Administration of the microtubule inhibitor docetaxel is a common treatment for metastatic castration-resistant prostate cancer (mCRPC) and results in prolonged patient overall survival. Usually, after a short period of time chemotherapy resistance emerges and there is urgent need to find new therapeutic targets to overcome therapy resistance. The lysine-acetyltransferase p300 has been correlated to prostate cancer (PCa) progression. Here, we aimed to clarify a possible function of p300 in chemotherapy resistance and verify p300 as a target in chemoresistant PCa. Immunohistochemistry staining of tissue samples revealed significantly higher p300 protein expression in patients who received docetaxel as a neoadjuvant therapy compared to control patients. Elevated p300 expression was confirmed by analysis of publicly available patient data, where significantly higher p300 mRNA expression was found in tissue of mCRPC tumors of docetaxel-treated patients. Consistently, docetaxel-resistant PCa cells showed increased p300 protein expression compared to docetaxel-sensitive counterparts. Docetaxel treatment of PCa cells for 72 h resulted in elevated p300 expression. shRNA-mediated p300 knockdown did not alter colony formation efficiency in docetaxel-sensitive cells, but significantly reduced clonogenic potential of docetaxel-resistant cells. Downregulation of p300 in docetaxel-resistant cells also impaired cell migration and invasion. Taken together, we showed that p300 is upregulated by docetaxel, and our findings suggest that p300 is a possible co-target in treatment of chemoresistant PCa.

Open access

Frances Collins, Nozomi Itani, Arantza Esnal-Zufiaurre, Douglas A Gibson, Carol Fitzgerald, and Philippa T K Saunders

Endometrial cancer is a common gynaeological malignancy: life time exposure to oestrogen is a key risk factor. Oestrogen action is mediated by receptors encoded by ESR1 (ERα) and ESR2 (ERβ): ERα plays a key role in regulating endometrial cell proliferation. A truncated splice variant isoform (ERβ5) encoded by ESR2 is highly expressed in cancers. This study explored whether ERβ5 alters oestrogen responsiveness of endometrial epithelial cells. Immunhistochemistry profiling of human endometrial cancer tissue biopsies identified epithelial cells co-expressing ERβ5 and ERα in stage I endometrial adenocarcinomas and post menopausal endometrium. Induced co-expression of ERβ5 in ERαpos endometrial cancer cells (Ishikawa) significantly increased ligand-dependent activation of an ERE-luciferase reporter stimulated by either E2 or the ERα-selective agonist 1,3,5-(4-hydroxyphenyl)-4-propyl-1H-pyrazole (PPT) compared to untransfected cells. Fluorescence recovery after photobleaching (FRAP) analysis of tagged yellow fluorescent protein (YFP)-ERβ5 transfected into Ishikawa cells revealed that incubation with E2 induced a transient reduction in intra-nuclear mobility characterised by punctate protein redistribution which phenocopied the behaviour of ERα following ligand activation with E2. In ERαneg MDA-MD-231 breast cancer cells, there was no E2-dependent change in mobility of YFP-ERβ5 and no activation of the ERE reporter in cells expressing ERβ5. In conclusion, we demonstrate that ERβ5 can act as heterodimeric partner to ERα in Ishikawa cells and increases their sensitivity to E2. We speculate that expression of ERβ5 in endometrial epithelial cells may increase the risk of malignant transformation and suggest that immunostaining for ERβ5 should be included in diagnostic assessment of women with early grade cancers.

Open access

Jonathan Wesley Nyce

We have recently described in this journal our detection of an anthropoid primate-specific, adrenal androgen-dependent, p53-mediated, ‘kill switch’ tumor suppression mechanism that reached its fullest expression only in humans, as a result of human-specific exposure to polycyclic aromatic hydrocarbons caused by the harnessing of fire – but which has components reaching all the way back to the origin of the primate lineage. We proposed that species-specific mechanisms of tumor suppression are a generalized requirement for vertebrate species to increase in body size or lifespan beyond those of species basal to their lineage or to exploit environmental niches which increase exposure to carcinogenic substances. Using empirical dynamic modeling, we have also reported our detection of a relationship between body size, lifespan, and species-specific mechanism of tumor suppression (and here add carcinogen exposure), such that a change in any one of these variables requires an equilibrating change in one or more of the others in order to maintain lifetime cancer risk at a value of about 4%, as observed in virtually all larger, longer-lived species under natural conditions. Here we show how this relationship, which we refer to as the lex naturalis of vertebrate speciation, elucidates the evolutionary steps underlying an adrenal androgen-dependent, human-specific ‘kill switch’ tumor suppression mechanism; and further, how it prescribes a solution to ‘normalize’ lifetime cancer risk in our species from its current aberrant 40% to the 4% that characterized primitive humans. We further argue that this prescription writ by the lex naturalis represents the only tenable strategy for meaningful suppression of the accelerating impact of cancer upon our species.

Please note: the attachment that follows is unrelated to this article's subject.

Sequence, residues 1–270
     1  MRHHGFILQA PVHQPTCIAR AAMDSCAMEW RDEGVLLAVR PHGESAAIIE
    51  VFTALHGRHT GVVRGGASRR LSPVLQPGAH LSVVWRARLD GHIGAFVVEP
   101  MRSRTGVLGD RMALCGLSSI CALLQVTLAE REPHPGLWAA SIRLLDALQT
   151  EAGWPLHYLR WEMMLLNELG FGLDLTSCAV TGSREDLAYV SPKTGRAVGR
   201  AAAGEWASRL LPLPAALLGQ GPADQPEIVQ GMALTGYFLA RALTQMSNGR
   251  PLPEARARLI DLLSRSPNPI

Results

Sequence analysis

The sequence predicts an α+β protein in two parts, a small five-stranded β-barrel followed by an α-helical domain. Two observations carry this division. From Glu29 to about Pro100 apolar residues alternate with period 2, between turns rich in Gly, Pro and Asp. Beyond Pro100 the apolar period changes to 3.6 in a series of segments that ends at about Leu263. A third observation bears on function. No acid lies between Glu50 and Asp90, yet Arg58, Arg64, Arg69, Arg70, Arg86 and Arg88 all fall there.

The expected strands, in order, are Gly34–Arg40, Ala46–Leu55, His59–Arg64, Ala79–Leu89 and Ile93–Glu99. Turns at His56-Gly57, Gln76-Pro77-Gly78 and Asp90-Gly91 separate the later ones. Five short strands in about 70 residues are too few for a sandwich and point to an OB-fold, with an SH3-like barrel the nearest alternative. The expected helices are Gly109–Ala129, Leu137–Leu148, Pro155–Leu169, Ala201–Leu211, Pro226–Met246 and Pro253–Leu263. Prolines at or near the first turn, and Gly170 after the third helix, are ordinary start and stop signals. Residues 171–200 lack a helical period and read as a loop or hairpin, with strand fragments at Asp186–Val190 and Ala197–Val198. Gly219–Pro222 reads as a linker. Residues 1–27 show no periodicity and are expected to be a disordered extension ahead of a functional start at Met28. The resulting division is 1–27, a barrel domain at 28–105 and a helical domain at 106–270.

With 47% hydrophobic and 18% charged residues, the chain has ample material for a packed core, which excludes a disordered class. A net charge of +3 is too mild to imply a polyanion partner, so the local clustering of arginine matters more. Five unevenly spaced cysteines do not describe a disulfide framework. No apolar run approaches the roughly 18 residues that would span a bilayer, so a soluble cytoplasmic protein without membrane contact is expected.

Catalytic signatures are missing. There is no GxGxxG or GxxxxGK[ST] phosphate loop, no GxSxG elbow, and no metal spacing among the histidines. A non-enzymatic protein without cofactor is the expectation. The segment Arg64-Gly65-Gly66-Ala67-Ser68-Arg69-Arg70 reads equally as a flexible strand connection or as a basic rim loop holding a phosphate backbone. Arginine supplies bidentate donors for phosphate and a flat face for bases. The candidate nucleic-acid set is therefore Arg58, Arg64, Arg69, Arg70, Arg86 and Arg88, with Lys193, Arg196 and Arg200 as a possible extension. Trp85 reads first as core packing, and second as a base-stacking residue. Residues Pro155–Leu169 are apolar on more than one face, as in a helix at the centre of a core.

Open access

Rajeev Mishra, Subhash Haldar, Surabhi Suchanti, and Neil A Bhowmick

Genomic changes that drive cancer initiation and progression contribute to the co-evolution of the adjacent stroma. The nature of the stromal reprogramming involves differential DNA methylation patterns and levels that change in response to the tumor and systemic therapeutic intervention. Epigenetic reprogramming in carcinoma-associated fibroblasts are robust biomarkers for cancer progression and have a transcriptional impact that support cancer epithelial progression in a paracrine manner. For prostate cancer, promoter hypermethylation and silencing of the RasGAP, RASAL3 that resulted in the activation of Ras signaling in carcinoma-associated fibroblasts. Stromal Ras activity initiated a process of macropinocytosis that provided prostate cancer epithelia with abundant glutamine for metabolic conversion to fuel its proliferation and a signal to transdifferentiate into a neuroendocrine phenotype. This epigenetic oncogenic metabolic/signaling axis seemed to be further potentiated by androgen receptor signaling antagonists and contributed to therapeutic resistance. Intervention of stromal signaling may complement conventional therapies targeting the cancer cell.